The House committee investigating the deadly Jan. 6 riot at the U.S. Capitol began its first in a series of long-awaited public hearings Thursday by revealing new footage of the riot and testimony to make the case that the deadly attack was the direct result of then-President Donald Trump's attempts to cling to power.
The committee promised that the six additional hearings that have been scheduled will make it clear how Trump supporters came to lay siege to the Capitol to block members of Congress from formalizing Joe Biden’s victory in the 2020 presidential election.
Catch up quickly with key moments from the prime-time hearing:
- The committee aired sober, never-seen-before testimony from ally after ally, including Trump’s daughter Ivanka Trump, admitting they knew Trump's stolen election claims were unfounded.
- Capitol Police Officer Caroline Edwards testified that she was "slipping in people's blood" as she battled rioters.
- Rep. Bennie Thompson, the chair of the committee, argued that Jan. 6 was the "culmination of an attempted coup" coordinated by extremist groups like the Proud Boys answering Trump's call.
- Republicans cast the hearing as a partisan distraction.
Rep. Perry spokesman calls pardon claim 'ludicrous'
During the hearing, Cheney said Rep. Scott Perry, a Trump ally who objected to the election results on Jan. 6, sought a presidential pardon in the final days of Trump's term.
"This is a ludicrous and soulless lie," spokesman Jay Ostrich told NBC Philadelphia when he was asked about a request for a pardon.
Perry is the head of the conservative Freedom Caucus.
Thompson says committee has 'documentation' of GOP lawmakers who sought pardons from Trump
After the hearing finished, Thompson was asked by reporters about the committee’s claim that multiple Republican lawmakers sought pardons from Trump after Jan. 6.
Thompson said he didn’t want to get ahead of information that would be revealed in future hearings, but he added, "We have documentation." He wouldn’t say how many Republicans sought pardons. Cheney said earlier that the committee learned that Rep. Scott Perry, R-Pa., and other GOP members of Congress wanted Trump to pardon them.
Rep. Jamie Raskin, D-Md., a member of the committee, told reporters that his main emotion after he left the hearing was one of sadness.
“I feel sad to be thrusted back into these events and to have some of our colleagues not being interested in what we found. That’s really my emotion right now,” he said. Many House Republicans have ignored the committee’s work, while some of Trump’s closest allies have gone on offense, calling it a “witch hunt.”
“The details of it are just absolutely unrefuted and they’re irrefutable,” Raskin later added. “And the fact that we have elected officials in the country who are still trying to deny the truth is shocking to me.”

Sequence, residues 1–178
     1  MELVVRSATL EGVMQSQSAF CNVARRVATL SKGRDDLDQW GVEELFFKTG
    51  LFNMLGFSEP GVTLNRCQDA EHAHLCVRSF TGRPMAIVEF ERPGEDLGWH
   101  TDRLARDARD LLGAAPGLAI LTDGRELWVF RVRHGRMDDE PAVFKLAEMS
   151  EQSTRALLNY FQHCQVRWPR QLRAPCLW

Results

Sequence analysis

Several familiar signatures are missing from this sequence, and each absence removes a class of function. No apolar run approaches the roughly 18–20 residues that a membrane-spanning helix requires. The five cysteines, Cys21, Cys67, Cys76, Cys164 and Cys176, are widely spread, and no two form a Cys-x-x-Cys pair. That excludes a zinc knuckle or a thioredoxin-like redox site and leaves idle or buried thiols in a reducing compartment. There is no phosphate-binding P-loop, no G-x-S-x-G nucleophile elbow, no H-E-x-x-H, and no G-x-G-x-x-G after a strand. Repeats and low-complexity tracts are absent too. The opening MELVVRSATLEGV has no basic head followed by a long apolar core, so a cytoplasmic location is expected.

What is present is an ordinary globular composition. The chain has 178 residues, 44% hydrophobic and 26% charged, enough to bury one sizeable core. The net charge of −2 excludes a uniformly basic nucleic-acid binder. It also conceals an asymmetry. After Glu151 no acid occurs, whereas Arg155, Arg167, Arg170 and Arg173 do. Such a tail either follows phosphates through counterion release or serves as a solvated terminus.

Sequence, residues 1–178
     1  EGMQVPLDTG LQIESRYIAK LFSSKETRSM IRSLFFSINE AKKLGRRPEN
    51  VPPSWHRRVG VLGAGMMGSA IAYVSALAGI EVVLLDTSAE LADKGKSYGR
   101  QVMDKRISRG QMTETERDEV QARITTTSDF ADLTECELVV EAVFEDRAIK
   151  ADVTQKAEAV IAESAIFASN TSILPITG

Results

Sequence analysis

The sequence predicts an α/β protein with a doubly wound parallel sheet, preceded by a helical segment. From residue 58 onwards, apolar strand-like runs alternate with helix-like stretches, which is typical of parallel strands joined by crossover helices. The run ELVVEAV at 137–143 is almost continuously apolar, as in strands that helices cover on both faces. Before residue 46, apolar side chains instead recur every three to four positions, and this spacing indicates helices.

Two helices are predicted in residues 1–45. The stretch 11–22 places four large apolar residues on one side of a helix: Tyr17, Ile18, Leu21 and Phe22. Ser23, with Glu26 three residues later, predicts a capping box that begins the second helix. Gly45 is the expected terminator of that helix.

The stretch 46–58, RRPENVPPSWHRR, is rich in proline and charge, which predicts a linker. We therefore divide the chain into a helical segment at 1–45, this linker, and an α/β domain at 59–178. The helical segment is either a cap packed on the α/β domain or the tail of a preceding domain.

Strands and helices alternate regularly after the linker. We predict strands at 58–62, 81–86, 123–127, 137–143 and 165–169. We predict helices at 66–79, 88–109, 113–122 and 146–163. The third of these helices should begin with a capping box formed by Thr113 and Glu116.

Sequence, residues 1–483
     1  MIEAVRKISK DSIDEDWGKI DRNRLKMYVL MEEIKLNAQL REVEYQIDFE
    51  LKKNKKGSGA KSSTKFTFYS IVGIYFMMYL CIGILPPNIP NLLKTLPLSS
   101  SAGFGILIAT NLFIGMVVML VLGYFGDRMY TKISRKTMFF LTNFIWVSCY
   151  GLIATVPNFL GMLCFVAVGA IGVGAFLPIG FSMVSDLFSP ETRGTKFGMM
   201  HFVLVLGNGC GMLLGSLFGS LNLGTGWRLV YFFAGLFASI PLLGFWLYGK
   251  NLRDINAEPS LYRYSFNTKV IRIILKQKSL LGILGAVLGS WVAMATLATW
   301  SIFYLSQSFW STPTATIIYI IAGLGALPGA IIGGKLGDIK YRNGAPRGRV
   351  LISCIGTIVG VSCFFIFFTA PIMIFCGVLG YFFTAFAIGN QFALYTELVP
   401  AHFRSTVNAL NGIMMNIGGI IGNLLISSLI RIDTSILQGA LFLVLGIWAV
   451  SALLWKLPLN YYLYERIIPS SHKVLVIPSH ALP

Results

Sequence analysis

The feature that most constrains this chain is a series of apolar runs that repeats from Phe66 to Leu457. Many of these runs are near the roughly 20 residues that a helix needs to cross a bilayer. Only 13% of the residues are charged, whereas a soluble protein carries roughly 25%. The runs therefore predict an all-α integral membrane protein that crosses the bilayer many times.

Republicans accuse Democrats of trying to divert attention from other issues
Republicans were largely silent about the substance of Thursday night's event while casting the hearing as a partisan attempt to distract the public by continuing to revisit the deadly riot.
"Where’s the primetime hearing on President Biden’s botched Afghanistan withdrawal?" Rep. Jim Jordan, R-Ohio, tweeted during the hearing. He also tweeted, "Gas is $5 per gallon."
Jordan also appeared to push back against the committee's argument that Trump incited his supporters and inspired them to attack the Capitol.
"PEACEFULLY and patriotically make your voices heard. -President Trump, Jan. 6, 2021," Jordan tweeted, quoting part of Trump's speech on the Ellipse that day.
House Republican Conference Chairwoman Elise Stefanik of New York said Americans are concerned about "sky-high gas prices, the border crisis, the baby formula shortage" in an interview on Fox News, which chose not to broadcast the prime-time hearing. "These hearings are no more than an attempt to change the narrative. They are desperate," she added.
Rep. Mario Diaz-Balart, R-Fla., tweeted, "Tonight’s J6 committee hearing is the most blatant attempt to distract the American people from the disastrous and failed policies of the Democratic Party."
Rep. Diana Harshbarger, R-Tenn., tweeted, "Where is the prime time coverage of the fatal fentanyl analogues flowing through our wide open border?"
Trump’s inner circle admits to the Jan. 6 committee: He lost the election but wanted to overturn it
Ally after ally of former President Donald Trump — his daughter, the former attorney general, a former senior campaign aide — admitted to congressional investigators that his claims that the 2020 election were stolen from him were false.
Their remarks were just some the revelations during the first day of the Jan. 6 committee hearings, interspersed with shocking, never-before-seen video of the deadly attack and powerful statements from a Capitol Police officer who battled rioters.
The panel says it is building a case that Trump was responsible for the events of the day.
'Trump asked us to come': Video shows rioters saying they marched on Capitol at Trump's request
In the final video of the evening played by Thompson, several Trump supporters said plainly that they attended the Jan. 6 rally and stormed the Capitol because Trump asked them to.
“What really made me want to come was the fact that I had supported Trump all that time. I did believe, you know, that the election was being stolen and Trump asked us to come,” said Robert Schornack, who the committee said was sentenced to 36 months’ probation for his role in the insurrection.
Eric Barber, who the committee said had been charged with theft and unlawful demonstration, said Trump “personally asked for us to come to D.C. that day.”
“And I thought, for everything he’s done for us, if this is the only thing he’s going to ask of me, I’ll do it,” Barber said. He added that it was “one of my disappointments” that Trump never marched to the Capitol with the rioters.